Many patients are eager for a new look, but do not look forward to dealing with anesthesia.
The problem usually is tales of Uncle Joe’s operation fifteen years ago and how sick the anesthesia made him. However, those days are gone.
Cosmetic plastic surgery – for all the joy and self-confidence it brings – is surgery which takes place in more shallow areas of the body, totally avoiding the major organs.
Also, cosmetic surgery is less disabling.
Moreover, experts say surgical advances like:
- Smaller incisions
- Less blood loss
- Better instruments
- More effective pain and anesthesia medications
help make it feasible to safely do many surgeries on an outpatient basis, especially when patients are basically healthy and have recently undergone a complete physical.
So, more and more cosmetic surgery takes place in “ambulatory” surgery centers.
In plainer language, most cosmetic surgery patients are able to walk soon after their procedures.
Those surgical centers are also known as “freestanding,” meaning they are not connected to hospitals.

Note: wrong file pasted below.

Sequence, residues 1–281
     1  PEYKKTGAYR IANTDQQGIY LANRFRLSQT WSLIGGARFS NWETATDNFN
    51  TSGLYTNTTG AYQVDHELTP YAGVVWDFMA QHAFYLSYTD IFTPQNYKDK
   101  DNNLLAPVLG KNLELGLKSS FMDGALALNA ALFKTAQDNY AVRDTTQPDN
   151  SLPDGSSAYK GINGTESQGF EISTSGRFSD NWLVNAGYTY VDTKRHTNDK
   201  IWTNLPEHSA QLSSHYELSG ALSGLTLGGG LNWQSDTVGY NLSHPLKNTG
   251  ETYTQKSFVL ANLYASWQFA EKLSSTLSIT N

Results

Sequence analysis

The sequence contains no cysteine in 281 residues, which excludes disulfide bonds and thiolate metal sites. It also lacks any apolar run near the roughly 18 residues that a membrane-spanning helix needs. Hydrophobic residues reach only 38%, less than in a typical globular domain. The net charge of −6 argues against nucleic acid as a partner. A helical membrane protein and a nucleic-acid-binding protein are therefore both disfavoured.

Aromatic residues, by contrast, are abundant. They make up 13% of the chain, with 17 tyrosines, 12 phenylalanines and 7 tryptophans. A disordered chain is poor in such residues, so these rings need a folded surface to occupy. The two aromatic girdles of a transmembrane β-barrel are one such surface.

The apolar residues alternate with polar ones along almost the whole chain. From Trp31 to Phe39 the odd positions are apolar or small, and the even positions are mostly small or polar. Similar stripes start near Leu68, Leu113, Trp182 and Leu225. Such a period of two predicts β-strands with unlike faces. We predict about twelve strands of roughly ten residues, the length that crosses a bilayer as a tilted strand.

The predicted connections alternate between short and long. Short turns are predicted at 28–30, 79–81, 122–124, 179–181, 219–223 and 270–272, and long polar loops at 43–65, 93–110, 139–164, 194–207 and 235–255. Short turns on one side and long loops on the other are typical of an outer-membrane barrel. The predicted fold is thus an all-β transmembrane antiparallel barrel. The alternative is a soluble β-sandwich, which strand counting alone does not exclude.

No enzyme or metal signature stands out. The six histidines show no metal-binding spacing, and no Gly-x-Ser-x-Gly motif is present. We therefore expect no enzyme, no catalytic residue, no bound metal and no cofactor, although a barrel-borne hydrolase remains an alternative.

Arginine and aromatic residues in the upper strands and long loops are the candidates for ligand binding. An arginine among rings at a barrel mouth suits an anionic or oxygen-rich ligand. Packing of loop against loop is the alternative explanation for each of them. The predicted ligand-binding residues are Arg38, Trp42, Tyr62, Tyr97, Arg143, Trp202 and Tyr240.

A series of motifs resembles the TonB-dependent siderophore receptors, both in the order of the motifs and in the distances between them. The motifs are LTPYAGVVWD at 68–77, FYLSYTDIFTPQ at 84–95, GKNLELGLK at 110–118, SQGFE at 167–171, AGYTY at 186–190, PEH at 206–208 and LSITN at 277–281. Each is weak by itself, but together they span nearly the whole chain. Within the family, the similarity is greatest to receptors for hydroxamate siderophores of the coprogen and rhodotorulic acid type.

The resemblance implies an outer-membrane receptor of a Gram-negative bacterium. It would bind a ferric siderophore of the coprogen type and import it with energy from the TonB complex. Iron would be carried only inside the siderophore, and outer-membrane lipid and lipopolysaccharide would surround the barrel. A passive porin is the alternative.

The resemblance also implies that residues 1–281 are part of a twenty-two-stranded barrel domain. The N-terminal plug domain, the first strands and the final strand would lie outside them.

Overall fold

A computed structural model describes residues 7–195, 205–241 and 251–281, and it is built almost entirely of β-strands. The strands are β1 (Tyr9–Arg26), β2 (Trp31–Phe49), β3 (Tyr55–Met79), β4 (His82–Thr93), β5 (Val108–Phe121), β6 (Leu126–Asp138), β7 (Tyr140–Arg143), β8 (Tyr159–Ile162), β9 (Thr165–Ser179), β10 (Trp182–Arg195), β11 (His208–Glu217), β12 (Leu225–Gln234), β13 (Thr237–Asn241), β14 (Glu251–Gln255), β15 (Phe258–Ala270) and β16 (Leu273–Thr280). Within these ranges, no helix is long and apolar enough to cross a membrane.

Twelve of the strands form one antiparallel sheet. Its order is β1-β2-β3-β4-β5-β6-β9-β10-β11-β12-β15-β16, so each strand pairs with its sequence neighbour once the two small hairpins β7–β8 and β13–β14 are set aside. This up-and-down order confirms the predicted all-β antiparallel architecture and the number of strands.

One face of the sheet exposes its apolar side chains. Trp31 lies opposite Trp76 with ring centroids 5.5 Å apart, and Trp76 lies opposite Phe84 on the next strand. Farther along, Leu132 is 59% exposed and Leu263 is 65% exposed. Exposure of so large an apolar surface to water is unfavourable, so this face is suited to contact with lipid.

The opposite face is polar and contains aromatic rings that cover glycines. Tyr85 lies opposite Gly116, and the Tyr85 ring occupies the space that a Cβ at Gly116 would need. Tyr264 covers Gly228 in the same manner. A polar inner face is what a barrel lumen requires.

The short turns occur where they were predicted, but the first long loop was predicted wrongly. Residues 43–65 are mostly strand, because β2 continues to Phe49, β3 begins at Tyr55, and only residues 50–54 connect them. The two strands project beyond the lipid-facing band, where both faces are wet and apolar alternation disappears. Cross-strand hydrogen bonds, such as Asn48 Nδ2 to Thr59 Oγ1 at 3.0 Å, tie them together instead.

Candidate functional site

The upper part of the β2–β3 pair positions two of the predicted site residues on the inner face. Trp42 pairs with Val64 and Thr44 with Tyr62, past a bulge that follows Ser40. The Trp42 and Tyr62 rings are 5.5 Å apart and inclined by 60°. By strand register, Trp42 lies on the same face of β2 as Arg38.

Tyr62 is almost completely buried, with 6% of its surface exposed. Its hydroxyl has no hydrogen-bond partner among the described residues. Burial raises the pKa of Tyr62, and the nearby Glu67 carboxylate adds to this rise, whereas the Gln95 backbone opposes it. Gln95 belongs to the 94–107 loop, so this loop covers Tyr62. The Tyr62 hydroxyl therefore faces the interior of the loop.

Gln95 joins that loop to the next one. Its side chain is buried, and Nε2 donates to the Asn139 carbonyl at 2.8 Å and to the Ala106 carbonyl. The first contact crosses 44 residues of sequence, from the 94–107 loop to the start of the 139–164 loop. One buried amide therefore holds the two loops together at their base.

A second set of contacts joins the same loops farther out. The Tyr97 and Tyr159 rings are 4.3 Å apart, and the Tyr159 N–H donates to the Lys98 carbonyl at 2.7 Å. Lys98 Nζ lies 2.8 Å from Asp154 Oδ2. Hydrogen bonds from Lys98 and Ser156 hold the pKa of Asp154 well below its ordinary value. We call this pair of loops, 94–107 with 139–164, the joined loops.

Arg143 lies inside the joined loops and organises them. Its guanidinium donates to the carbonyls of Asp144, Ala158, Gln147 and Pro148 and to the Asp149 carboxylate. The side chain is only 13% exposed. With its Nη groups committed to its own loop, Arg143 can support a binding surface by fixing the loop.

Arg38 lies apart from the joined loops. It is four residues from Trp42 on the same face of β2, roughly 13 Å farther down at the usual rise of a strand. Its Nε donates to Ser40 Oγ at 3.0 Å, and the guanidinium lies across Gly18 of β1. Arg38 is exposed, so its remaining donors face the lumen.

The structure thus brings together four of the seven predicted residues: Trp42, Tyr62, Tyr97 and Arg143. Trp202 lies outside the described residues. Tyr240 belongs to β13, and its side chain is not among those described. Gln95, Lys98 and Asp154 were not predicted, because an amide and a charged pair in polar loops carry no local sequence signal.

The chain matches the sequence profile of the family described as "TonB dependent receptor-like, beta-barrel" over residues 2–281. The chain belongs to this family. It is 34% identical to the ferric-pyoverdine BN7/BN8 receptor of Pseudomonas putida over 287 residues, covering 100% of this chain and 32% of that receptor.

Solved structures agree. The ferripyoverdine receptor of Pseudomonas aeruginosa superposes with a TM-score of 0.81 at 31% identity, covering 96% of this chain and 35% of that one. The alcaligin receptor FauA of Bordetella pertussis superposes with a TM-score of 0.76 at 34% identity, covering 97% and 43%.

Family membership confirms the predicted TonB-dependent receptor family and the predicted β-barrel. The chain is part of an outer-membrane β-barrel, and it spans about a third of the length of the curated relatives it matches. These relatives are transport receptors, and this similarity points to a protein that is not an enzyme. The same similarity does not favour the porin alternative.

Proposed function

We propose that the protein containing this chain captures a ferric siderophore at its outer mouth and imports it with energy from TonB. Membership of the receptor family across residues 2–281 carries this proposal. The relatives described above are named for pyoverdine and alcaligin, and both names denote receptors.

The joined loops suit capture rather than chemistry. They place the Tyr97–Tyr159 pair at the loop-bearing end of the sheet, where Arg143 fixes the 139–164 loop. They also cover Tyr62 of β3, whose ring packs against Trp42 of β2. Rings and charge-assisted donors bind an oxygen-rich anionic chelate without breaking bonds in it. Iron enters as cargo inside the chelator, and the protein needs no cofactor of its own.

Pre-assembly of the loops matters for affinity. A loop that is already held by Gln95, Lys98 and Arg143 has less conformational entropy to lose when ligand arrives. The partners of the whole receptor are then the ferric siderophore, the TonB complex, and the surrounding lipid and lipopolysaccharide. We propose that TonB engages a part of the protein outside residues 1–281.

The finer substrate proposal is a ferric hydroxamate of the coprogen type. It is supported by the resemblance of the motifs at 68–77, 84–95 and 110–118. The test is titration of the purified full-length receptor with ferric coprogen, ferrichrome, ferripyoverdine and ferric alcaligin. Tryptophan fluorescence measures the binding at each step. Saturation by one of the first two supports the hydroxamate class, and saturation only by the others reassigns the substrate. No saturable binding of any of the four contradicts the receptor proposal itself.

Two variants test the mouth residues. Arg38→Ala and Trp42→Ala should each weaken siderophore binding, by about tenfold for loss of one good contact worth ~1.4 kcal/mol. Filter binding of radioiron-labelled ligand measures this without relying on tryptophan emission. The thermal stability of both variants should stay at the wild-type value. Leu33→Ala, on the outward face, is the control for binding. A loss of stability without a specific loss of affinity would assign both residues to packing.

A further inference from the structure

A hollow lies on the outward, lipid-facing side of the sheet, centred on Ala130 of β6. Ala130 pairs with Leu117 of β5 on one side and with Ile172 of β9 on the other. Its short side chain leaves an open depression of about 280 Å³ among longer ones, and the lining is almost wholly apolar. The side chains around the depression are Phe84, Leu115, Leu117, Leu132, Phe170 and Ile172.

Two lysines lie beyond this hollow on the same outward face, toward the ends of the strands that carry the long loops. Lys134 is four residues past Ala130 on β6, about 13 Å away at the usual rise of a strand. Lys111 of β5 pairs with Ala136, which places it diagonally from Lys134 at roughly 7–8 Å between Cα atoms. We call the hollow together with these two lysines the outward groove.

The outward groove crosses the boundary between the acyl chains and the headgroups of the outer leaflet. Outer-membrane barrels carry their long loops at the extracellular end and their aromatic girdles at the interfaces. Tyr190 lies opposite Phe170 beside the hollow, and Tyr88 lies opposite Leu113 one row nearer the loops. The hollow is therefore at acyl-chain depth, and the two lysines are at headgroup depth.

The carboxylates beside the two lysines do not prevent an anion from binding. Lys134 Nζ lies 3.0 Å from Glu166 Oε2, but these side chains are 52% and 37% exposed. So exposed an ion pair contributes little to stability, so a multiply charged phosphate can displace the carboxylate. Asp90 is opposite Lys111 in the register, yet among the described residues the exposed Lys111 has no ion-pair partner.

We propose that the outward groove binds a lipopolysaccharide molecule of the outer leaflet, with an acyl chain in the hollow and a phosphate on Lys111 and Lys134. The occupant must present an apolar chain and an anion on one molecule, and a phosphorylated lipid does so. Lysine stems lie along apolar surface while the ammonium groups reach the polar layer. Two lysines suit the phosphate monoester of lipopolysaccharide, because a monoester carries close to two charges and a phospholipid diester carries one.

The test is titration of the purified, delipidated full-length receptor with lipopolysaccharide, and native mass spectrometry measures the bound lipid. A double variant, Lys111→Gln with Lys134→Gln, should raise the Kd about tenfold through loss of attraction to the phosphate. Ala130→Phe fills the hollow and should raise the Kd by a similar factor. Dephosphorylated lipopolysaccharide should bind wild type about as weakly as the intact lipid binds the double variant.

Nonetheless, patients often have questions about what takes place in a surgery center, especially when it comes to anesthesia.
Much of the good news is that shorter-acting anesthesias are commonly used.
Said Steven Gayer, M.D. of the American Society of Anesthesiologists:
“Gone are the days when patients would be recuperating from anesthesia after-effects for up to 24 hours.”
Newer drugs like propofol and remifentanil wear off quicker after surgery. In many cases, local anesthesia or conscious sedation — in which patients are awake but feel no pain — are also used.
Leaving the surgical center, most patients should have:
- Written discharge instructions covering diet, medications, permitted activities and who to call if a complication crops up.
- Doctors are positive when you’re medically ready to go home. Blood pressure and temperature should be normal, pain and nausea should be under control with no patient dizziness.
Cosmetic plastic surgery patients who have chosen to recover at home must have somebody with them at the surgery center who:
- Can drive them home
- Stay with them the first night
Also, make some notes about the points you would like to discuss for a follow-up call which may come within 24 to 72 hours after surgery. Be able to report if:
- You can’t eat
- Use the toilet
- Have a fever
- Have bleeding, pain or nausea
BONUS: See a face and neck lift patient wake and be ready to leave an ambulatory surgical center in only 75 minutes.